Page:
Western District Of Washington Rejects Per Se Rule, But Allows Cinnabon Worker’s No-Poach Class Action To Proceed After “Quick Look” Analysis
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  • Western District Of Washington Rejects Per Se Rule, But Allows Cinnabon Worker’s No-Poach Class Action To Proceed After “Quick Look” Analysis
     
    11/20/2018
    On November 13, 2018, Judge Robert J. Bryan of the United States District Court for the Western District of Washington denied a motion to dismiss a class action complaint by a former fast-food worker alleging that the company’s agreement to prohibit the re-hiring of one franchisee’s employees by another franchisee violates the Sherman Antitrust Act.  Yi v. SK Bakeries LLC, et al., No. 3:18-cv-05627, Dkt. No. 33 (W.D. Wa. Nov. 13, 2018).  Judge Bryan did, however, caution plaintiff against relying solely on a “quick look” theory, and suggested that whether franchisees are, in fact, a “single entity” incapable of conspiring with one another is a fact-specific question that did not merit a pleading-stage dismissal.
     
    Plaintiff’s complaint alleges that the company’s franchises have agreed that they would “not employ or seek to employ an employee of [company], of another franchisee, or attempt to induce such employee to cease his/her employment without prior written consent of such employee’s employer.”  Id. at 2 (alteration in original).  Defendants challenged the core premise of plaintiff’s allegations:  that two franchisees can conspire with one another to violate the antitrust laws, as they are part of a “single entity” and thus immunized from liability under Section 1 of the Sherman Act (which requires an agreement in restraint of trade).  Judge Bryan disagreed, distinguishing a Ninth Circuit decision and a district court decision to conclude that it would be “premature” to dismiss the case on this basis before factual discovery sheds light on whether the franchisees are, in fact, a single entity.
     
    Once the Court established that defendants were capable of agreeing to violate the Sherman Act, the next question was whether plaintiff sufficiently alleged an unlawful agreement.  Plaintiff contended that defendants’ “no-poach” agreement was per se illegal under the antitrust laws, relieving plaintiff of any requirement to show anticompetitive effects.  Judge Bryan held the “no-poach” agreement was not per se illegal because the agreement has a “vertical” component among different levels of the company’s distribution chain and it was not clear that defendants’ agreements “lack any redeeming virtue.”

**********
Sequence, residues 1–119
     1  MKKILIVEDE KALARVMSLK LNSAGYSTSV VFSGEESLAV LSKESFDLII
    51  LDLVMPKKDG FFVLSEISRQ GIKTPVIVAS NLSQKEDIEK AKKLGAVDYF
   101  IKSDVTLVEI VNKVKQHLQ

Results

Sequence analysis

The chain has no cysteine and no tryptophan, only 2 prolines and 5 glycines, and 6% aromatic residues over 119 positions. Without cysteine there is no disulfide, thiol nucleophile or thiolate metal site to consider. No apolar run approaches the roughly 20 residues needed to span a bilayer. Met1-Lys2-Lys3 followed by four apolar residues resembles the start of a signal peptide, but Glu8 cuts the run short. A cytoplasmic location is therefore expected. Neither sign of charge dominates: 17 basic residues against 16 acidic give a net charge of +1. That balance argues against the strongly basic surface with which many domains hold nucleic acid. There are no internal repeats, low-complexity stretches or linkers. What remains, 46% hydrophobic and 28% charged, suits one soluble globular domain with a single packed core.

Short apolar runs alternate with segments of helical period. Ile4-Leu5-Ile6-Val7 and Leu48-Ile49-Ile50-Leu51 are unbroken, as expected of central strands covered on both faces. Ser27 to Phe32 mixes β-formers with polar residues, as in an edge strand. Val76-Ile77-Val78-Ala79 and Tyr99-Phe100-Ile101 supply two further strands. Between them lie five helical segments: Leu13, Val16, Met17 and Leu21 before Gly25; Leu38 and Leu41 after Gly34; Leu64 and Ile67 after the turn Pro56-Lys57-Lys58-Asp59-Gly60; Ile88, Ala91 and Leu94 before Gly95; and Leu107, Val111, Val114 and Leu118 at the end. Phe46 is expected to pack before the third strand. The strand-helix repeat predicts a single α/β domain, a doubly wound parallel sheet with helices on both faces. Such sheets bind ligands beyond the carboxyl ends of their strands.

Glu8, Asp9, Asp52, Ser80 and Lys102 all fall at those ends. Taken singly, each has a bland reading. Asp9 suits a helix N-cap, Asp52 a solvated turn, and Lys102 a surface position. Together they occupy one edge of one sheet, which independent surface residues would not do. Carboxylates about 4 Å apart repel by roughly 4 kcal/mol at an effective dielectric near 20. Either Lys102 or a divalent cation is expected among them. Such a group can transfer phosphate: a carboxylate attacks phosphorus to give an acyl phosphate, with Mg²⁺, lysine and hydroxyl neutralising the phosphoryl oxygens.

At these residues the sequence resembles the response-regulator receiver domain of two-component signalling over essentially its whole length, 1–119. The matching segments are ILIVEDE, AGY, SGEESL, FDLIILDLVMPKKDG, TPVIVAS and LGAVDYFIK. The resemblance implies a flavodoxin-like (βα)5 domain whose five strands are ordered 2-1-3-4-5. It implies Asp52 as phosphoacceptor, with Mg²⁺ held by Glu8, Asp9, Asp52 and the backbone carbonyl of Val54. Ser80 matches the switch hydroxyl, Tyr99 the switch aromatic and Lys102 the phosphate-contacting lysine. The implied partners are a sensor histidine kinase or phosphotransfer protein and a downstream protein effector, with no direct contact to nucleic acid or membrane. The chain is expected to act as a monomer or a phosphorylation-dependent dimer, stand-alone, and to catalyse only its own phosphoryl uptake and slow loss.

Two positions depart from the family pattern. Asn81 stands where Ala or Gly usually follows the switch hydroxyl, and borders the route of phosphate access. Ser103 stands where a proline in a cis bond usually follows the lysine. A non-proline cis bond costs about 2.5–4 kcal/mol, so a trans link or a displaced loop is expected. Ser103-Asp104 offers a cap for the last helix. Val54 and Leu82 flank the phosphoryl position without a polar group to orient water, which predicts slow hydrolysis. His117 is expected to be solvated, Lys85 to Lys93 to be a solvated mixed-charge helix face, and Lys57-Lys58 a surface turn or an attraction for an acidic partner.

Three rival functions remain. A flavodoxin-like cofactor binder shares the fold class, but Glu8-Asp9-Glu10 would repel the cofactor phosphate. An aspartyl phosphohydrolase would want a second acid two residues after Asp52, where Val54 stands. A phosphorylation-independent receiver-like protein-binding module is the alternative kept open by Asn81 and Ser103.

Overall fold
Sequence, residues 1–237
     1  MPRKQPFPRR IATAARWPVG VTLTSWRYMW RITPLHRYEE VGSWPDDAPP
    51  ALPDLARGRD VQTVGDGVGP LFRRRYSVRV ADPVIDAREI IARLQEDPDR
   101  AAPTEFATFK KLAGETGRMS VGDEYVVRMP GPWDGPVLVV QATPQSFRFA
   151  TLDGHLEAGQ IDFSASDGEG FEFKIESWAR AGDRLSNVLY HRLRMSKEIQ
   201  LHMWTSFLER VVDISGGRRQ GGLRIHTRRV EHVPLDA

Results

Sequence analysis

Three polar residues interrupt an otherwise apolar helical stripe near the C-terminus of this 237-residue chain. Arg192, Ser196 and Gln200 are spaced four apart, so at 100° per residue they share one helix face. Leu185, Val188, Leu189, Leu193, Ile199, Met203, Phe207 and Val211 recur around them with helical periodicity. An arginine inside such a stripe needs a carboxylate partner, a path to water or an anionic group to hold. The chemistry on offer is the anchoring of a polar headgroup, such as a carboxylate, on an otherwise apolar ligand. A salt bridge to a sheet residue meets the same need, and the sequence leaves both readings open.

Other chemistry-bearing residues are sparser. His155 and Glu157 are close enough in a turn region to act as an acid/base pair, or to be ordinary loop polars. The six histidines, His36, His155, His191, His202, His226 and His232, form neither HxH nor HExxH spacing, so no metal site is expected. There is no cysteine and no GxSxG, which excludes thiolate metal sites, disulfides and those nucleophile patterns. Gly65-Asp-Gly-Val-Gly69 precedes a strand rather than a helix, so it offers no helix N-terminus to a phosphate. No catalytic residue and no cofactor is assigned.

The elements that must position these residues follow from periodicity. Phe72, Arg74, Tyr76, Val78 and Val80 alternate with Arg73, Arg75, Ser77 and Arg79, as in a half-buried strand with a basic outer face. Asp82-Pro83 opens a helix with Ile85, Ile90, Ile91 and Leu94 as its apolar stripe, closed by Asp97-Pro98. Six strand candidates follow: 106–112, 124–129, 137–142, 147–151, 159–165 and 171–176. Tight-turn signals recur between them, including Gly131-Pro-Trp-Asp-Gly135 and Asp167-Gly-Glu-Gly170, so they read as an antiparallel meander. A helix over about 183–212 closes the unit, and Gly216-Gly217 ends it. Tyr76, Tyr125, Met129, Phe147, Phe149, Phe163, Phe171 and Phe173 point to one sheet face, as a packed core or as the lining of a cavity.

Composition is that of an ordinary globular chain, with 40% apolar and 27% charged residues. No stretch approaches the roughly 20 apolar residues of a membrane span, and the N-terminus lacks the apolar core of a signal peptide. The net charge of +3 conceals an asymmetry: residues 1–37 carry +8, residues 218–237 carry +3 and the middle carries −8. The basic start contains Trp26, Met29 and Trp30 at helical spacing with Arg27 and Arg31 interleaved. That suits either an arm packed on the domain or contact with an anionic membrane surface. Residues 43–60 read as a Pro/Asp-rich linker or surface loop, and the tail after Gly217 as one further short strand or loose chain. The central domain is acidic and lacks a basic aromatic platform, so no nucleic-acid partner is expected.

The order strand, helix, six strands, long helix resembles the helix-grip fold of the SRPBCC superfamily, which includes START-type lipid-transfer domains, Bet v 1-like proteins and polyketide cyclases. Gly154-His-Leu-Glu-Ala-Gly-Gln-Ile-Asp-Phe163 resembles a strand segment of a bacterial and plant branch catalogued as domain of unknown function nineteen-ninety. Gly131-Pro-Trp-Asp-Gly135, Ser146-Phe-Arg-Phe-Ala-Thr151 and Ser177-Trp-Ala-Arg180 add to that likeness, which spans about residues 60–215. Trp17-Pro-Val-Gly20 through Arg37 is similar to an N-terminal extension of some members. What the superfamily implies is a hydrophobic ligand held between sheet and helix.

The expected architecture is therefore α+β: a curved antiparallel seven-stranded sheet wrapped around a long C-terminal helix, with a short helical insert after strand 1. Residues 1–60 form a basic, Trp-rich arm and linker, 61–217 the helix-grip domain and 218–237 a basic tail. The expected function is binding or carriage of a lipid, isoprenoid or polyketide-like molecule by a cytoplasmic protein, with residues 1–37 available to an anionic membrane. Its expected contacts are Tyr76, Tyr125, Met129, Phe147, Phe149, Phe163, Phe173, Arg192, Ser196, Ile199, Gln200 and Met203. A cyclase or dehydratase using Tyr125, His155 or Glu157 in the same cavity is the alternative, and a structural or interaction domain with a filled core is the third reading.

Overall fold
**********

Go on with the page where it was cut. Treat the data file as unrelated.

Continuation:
Alternatively, plaintiff alleged that the “no-poach” agreement violated the antitrust laws via a “quick look” analysis, which penalizes agreements that show an anticompetitive effect on customers and markets, even to someone with “a rudimentary understanding of economics.”  Id. at 10.   Judge Bryan found that plaintiff’s “quick look” claim was plausibly alleged because even a “rudimentary understanding of economics” would indicate that an agreement not to hire each other’s employees would likely cause wages to stagnate.  Given the “quick look” analysis at the pleading stage, Judge Bryan concluded he would not consider the procompetitive justifications defendants argued outweighed the alleged anticompetitive effects.  Accordingly, Judge Bryan denied defendants’ motion to dismiss.
     
    While Judge Bryan sustained plaintiff’s allegations under the “quick look” analysis, he cautioned plaintiff about proceeding without also pleading “a full rule of reason claim.”  Id. at 11.  The Court indicated that plaintiff acknowledged “that she has failed to allege sufficient facts to support a full rule of reason analysis” and that “[s]he does so at her own risk (and perhaps those she seeks to represent) if she is unable to prevail under a “quick look” rule of reason analysis.” Id.
     
    Finally, Judge Bryan’s analysis about when, factually, a complaint may be dismissed based on the “single entity” exemption to antitrust liability under Section 1 of the Sherman Act could spawn disparate decisions even within the Ninth Circuit — potentially prompting appellate resolution in an appropriate case.

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